Concerns raised over £60m sixth form

A £60MILLION sixth form centre which will revolutionise the way post-16 education is run in south Suffolk has been given the all clear.

Russell Claydon

A £60MILLION sixth form centre which will revolutionise the way post-16 education is run in south Suffolk has been given the all clear.

Councillors unanimously backed proposals for the South West Ipswich and South Suffolk (SWISS) Centre yesterday, despite opposition to the plans.

The centre - which will go ahead subject to approval from the Secretary of State - will cater for more than 2,000 youngsters aged 14-19 in and around Ipswich and will be built on land to the south of London Road and Scrivener Drive.

The three storey building will open in September 2010 and replace the existing post-16 education at Chantry High School, Claydon and Thurleston high schools, Westbourne Sports College and Belstead and Thomas Wolsey special schools.

But Pinewood Parish Council feel the current plans for the centre will unfairly penalise residents in the area - who will have to foot a £120,000-a-year parking enforcement scheme on their streets, after planning officers refused to allocate any parking to students at the site as part of their environmental commitments.

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Under the current proposals it is estimated 60% of prospective students will use buses, with a further percentage walking or cycling to cut down on traffic.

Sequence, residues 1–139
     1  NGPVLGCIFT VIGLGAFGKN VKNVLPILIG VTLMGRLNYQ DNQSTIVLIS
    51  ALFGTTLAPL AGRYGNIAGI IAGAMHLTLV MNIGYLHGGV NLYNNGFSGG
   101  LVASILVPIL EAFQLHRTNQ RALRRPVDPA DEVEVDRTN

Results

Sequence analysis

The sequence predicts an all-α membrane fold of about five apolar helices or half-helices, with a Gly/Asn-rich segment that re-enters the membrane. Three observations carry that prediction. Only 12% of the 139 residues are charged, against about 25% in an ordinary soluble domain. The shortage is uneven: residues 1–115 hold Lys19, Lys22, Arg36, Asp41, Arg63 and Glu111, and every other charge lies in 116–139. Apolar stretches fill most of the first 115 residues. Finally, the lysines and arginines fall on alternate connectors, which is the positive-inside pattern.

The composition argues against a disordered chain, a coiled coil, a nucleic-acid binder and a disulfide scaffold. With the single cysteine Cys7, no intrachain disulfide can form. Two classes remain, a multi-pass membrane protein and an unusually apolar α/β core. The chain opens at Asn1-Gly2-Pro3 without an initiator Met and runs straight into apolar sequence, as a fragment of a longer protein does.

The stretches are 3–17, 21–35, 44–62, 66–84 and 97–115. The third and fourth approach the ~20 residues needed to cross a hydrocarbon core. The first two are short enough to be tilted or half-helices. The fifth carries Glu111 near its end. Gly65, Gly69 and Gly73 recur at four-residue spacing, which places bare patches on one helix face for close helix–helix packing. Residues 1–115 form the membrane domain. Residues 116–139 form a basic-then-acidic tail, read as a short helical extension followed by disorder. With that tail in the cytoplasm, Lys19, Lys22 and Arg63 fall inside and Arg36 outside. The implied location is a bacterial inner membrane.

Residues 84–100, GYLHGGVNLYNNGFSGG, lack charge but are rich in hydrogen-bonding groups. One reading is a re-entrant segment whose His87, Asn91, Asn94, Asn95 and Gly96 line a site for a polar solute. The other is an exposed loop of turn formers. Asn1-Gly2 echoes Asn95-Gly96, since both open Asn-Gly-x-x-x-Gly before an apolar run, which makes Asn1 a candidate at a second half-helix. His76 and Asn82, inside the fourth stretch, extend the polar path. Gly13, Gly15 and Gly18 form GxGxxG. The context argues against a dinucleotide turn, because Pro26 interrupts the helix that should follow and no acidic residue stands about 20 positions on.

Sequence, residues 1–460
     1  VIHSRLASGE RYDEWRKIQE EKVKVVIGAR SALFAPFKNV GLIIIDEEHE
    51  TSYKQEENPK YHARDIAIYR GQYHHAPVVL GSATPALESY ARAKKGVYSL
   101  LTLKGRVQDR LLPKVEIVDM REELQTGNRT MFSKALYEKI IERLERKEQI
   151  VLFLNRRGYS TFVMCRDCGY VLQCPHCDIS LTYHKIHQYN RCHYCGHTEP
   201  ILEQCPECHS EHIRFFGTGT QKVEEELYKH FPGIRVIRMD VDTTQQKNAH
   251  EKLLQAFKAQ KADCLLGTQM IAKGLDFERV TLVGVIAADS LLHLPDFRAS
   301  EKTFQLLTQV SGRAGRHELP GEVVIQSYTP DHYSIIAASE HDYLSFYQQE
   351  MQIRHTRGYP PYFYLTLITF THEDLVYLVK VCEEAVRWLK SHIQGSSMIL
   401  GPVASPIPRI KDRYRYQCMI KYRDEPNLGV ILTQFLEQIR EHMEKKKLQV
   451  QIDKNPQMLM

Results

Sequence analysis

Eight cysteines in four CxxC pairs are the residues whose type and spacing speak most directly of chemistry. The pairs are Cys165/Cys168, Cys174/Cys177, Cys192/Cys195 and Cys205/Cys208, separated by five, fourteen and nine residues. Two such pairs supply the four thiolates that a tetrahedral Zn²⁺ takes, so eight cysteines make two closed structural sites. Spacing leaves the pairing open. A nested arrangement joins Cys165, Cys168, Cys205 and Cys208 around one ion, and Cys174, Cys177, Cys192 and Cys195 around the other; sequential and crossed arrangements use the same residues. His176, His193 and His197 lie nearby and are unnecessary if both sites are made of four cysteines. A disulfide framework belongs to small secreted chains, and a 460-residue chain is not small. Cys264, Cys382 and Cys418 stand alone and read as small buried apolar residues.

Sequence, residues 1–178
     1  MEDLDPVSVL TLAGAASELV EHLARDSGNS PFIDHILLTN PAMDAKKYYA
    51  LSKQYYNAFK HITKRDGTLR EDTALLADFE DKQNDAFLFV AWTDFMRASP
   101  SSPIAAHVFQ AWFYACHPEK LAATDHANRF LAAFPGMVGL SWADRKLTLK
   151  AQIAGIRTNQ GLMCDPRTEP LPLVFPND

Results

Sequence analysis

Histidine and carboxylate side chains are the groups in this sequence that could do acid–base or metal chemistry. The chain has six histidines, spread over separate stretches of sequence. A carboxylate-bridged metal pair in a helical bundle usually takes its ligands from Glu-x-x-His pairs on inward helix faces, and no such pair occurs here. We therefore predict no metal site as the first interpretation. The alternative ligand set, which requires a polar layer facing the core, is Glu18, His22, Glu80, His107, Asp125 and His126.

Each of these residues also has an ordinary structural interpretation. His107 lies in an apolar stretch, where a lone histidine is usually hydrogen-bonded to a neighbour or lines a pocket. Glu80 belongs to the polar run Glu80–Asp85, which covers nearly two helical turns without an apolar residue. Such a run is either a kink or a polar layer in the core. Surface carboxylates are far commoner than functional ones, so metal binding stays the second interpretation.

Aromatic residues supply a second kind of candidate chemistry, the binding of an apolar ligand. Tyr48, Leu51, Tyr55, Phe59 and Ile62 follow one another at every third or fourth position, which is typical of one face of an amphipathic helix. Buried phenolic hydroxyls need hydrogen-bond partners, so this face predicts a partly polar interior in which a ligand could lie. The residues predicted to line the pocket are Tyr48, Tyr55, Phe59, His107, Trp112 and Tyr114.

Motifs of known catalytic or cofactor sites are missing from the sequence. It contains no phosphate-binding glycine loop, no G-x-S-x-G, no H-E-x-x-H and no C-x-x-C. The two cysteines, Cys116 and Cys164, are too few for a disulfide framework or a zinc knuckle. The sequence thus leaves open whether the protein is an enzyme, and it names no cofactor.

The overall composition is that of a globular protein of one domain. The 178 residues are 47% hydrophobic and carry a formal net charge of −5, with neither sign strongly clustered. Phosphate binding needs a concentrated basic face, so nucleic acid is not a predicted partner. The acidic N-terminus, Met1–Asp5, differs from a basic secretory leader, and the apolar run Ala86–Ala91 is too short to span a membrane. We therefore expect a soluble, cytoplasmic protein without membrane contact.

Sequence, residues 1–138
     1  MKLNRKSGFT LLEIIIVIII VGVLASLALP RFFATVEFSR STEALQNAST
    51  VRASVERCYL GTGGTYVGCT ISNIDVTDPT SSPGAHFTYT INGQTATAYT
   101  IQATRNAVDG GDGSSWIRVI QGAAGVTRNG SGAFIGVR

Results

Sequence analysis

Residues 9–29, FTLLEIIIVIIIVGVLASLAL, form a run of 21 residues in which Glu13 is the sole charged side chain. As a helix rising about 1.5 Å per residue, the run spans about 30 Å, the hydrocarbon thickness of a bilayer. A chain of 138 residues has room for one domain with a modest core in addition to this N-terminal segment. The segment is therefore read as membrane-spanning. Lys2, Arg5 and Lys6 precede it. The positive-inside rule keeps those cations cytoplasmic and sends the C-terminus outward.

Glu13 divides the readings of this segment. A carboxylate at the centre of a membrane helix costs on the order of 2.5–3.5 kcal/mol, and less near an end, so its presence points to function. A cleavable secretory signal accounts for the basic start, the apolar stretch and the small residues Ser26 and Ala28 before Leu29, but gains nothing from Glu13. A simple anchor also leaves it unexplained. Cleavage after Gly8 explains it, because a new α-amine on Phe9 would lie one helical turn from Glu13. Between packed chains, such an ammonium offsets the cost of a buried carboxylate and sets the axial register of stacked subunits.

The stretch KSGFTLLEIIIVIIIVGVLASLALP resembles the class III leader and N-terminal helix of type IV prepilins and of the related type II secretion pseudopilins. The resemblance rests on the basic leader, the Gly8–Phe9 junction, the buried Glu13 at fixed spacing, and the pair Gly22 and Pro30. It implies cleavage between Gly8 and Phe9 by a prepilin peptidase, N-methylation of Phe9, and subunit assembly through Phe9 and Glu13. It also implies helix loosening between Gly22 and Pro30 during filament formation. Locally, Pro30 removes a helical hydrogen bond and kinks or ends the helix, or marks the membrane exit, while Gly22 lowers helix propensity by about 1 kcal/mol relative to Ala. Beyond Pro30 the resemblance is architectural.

But Sandra Peartree, chairman of Pinewood Parish Council, spoke at Suffolk County Council's

development control committee yesterday to voice her fears that 900 extra vehicles during peak times would cause major congestion and possibly accidents.

She said: “The parish council objected to this application in the strongest possible terms because of the severe impact the large amount of traffic movements envisaged and the lack of parking on-site will have on this parish.”

She added the estimates of the number of students travelling by green means was “not realistic” and would leave them with no choice but to clog up the residential streets with their cars.

Cllr Richard Kemp said he was 100% behind the scheme but had concerns about certain areas.

He said: “In local government the polluter normally pays and, in effect, we have created the problem, so why should residents pick up the tab?”

Rae Leighton, the council's chairman of the children, schools and young people's services scrutiny committee, said Ipswich was a deprived educational area and the opportunities for learning were more important than residential concerns.

“This is so important that in some ways we have to accept there will be residents' concerns but the future of our young children is rather more important than the people who live there,” he said.

He added he did feel there was still an obligation to do everything they could to alleviate concerns.

Anne Rickwood, the SWISS programme director, said it was a “once in a lifetime opportunity to offer an iconic learning centre.”

THE SWISS Centre is set to be renamed by pupils in time for its grand opening.

In July the EADT revealed how the name had kicked up a storm in Switzerland when embassy members wrote to Suffolk County Council chiefs to highlight their concerns that the name was being used.

But yesterday the council insisted the centre would be rebranded.

A Suffolk County Council spokesman said: “SWISS is only a working title. During the autumn term we will begin to consider the process of deciding a formal title.

“We want to involve young people in the process and will begin once we have appointed a principal, which should be during the autumn.”